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  • FIRST POST
    • Effy.Shaw
    • By Effy.Shaw 12th Oct 19, 7:58 PM
    • 7Posts
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    Effy.Shaw
    Right to Paid Antenatal Care-Minimum Hour Contract
    • #1
    • 12th Oct 19, 7:58 PM
    Right to Paid Antenatal Care-Minimum Hour Contract 12th Oct 19 at 7:58 PM
    I've unfortunately had to arrange my first appointment with my midwife on a day I'm rotad to work.
    I already took a less convenient appointment for myself so that I could give my boss more notice (a full week rather than less than 48 hours.) I couldn't arrange it for later than then as I'm high risk and nearing the end of the period of time the first appointment needs to be in.

    Annoyingly, I'm off on the Monday and Wednesday and the appointment? On the Tuesday.
    This WASN'T intentional!

    I was asked by my boss to see if I could swap my Tuesday shift for someone's Wednesday shift to save me from "losing the shift" .... Which I would be happy to do (we've done it before) but I have an appointment with my daughter on the Wednesday. I would have done that... It seemed easier than anything else.

    But now I'm worried about "losing the shift." When I was pregnant with my first child, I had one appointment in working hours and it was paid as by law... But I had a regular contracted hours job. This time I have minimum hour contract. Losing the shift would still leave me above my contracted minimum hours..... But I can't afford that! I am willing to work a couple of hours that day before I would have to leave for my appointment, but... I was sure as I'm still classed as an employee, that I still wouldn't lose pay for antenatal appointments.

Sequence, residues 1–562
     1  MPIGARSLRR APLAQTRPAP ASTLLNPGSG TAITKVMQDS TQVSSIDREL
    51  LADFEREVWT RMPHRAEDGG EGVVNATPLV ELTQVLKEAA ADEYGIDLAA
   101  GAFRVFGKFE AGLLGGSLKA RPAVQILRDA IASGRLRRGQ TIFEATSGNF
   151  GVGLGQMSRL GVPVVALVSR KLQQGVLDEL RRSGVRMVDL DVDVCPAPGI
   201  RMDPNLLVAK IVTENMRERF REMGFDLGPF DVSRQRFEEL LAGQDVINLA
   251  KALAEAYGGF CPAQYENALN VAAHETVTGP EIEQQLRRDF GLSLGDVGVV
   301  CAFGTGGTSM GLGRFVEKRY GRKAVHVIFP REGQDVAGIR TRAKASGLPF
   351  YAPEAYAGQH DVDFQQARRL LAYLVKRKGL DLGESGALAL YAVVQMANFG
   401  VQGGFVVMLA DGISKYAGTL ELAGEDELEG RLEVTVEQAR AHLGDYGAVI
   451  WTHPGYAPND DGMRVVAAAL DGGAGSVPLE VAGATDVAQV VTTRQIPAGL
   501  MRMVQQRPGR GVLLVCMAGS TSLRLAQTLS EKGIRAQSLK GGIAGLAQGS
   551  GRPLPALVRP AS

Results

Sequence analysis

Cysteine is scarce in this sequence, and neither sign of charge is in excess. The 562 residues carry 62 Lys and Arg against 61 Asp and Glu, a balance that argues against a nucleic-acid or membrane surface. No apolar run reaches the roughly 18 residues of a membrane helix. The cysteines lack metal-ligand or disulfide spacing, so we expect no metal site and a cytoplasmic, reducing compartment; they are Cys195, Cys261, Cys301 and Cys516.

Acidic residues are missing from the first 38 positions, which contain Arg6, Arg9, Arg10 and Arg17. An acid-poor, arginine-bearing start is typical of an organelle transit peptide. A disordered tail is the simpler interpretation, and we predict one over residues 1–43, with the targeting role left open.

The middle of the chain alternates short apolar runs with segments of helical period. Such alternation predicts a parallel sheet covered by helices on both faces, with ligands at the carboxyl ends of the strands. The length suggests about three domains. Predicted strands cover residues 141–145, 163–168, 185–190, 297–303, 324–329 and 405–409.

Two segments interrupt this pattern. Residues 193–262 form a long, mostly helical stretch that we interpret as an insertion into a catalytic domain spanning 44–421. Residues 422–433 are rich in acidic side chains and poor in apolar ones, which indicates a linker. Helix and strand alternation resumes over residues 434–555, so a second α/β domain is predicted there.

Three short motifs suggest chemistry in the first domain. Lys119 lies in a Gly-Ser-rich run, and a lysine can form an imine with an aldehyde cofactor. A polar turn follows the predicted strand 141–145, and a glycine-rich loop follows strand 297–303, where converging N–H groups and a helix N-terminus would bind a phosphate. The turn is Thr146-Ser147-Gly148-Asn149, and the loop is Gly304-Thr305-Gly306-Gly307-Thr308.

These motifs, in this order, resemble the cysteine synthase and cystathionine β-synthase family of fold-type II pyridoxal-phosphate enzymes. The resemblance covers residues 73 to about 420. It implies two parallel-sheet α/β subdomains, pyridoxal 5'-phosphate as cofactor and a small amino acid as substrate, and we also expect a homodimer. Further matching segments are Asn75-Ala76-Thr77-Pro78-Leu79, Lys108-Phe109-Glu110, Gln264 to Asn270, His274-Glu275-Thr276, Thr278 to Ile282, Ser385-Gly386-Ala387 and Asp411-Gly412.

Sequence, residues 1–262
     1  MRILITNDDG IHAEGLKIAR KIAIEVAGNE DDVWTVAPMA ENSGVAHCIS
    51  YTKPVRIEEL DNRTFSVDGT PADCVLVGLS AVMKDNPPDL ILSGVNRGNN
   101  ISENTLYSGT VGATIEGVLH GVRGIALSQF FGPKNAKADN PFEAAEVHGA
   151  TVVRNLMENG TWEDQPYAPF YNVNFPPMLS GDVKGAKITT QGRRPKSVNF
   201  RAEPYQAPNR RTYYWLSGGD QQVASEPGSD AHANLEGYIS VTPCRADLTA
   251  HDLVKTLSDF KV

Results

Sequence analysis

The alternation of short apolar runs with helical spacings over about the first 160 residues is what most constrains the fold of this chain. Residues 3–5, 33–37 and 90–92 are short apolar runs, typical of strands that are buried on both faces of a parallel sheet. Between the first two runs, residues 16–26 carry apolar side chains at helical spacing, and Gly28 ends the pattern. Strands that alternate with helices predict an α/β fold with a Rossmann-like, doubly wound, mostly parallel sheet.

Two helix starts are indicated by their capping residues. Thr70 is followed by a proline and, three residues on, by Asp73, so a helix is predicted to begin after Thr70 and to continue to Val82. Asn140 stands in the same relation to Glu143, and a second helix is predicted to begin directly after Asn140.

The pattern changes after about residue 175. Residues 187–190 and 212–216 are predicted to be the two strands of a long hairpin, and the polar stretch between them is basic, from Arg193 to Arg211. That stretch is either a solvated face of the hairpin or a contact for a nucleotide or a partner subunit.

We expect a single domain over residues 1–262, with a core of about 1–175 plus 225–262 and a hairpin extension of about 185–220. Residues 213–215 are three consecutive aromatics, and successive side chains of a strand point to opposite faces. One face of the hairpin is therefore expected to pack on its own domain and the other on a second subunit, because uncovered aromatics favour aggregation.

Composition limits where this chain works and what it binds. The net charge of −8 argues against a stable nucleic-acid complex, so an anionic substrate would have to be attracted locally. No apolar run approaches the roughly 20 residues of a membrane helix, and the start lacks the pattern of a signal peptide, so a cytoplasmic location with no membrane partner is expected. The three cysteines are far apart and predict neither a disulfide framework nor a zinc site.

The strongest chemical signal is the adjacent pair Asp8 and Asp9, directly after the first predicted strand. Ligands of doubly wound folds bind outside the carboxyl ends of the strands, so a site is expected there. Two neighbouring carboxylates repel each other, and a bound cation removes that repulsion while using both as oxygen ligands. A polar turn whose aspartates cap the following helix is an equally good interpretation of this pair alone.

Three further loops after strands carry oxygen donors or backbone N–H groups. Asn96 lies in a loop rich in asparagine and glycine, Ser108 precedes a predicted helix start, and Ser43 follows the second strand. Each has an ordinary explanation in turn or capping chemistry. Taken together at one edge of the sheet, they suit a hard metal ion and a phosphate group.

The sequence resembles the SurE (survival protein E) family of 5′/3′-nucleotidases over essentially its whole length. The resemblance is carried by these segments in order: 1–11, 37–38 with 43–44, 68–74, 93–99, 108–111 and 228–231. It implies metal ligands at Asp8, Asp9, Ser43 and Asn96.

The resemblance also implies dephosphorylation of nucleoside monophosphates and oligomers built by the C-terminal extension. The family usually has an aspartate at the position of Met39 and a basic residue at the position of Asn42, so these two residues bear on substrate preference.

Can anyone advise on if this is different for MHCs or if I should be getting my rotad hours?
    Thankyou!
Page 1
    • Blatchford
    • By Blatchford 12th Oct 19, 8:07 PM
    • 193 Posts
    • 254 Thanks
    Blatchford
    • #2
    • 12th Oct 19, 8:07 PM
    • #2
    • 12th Oct 19, 8:07 PM
    I assume that by "minimum hour contract" you mean that you have a set number of hours per week which your employer must provide? Because there actually isn't such a thing as a "minimum hour contract" so I'm having to guess that you are a part time employee who gets overtime? If so no - your employer is required to pay you for your contractual hours, but they aren't required to pay you for overtime. Since you are being paid for working a full contracted week, you can't then get paid for more unless you actually work it.
    • Effy.Shaw
    • By Effy.Shaw 12th Oct 19, 8:44 PM